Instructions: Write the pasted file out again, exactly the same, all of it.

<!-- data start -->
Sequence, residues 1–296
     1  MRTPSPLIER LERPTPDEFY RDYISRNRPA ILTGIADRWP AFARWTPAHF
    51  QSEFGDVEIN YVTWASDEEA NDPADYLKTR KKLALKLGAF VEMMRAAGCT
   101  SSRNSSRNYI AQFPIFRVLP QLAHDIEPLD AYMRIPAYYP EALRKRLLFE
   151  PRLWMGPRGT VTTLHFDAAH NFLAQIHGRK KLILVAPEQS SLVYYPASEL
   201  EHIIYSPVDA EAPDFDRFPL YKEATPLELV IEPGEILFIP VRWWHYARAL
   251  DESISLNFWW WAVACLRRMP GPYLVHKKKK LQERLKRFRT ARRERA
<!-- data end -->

Sequence, residues 1–296
     1  MRTPSPLIER LERPTPDEFY RDYISRNRPA ILTGIADRWP AFARWTPAHF
    51  QSEFGDVEIN YVTWASDEEA NDPADYLKTR KKLALKLGAF VEMMRAAGCT
   101  SSRNSSRNYI AQFPIFRVLP QLAHDIEPLD AYMRIPAYYP EALRKRLLFE
   151  PRLWMGPRGT VTTLHFDAAH NFLAQIHGRK KLILVAPEQS SLVYYPASEL
   201  EHIIYSPVDA EAPDFDRFPL YKEATPLELV IEPGEILFIP VRWWHYARAL
   251  DESISLNFWW WAVACLRRMP GPYLVHKKKK LQERLKRFRT ARRERA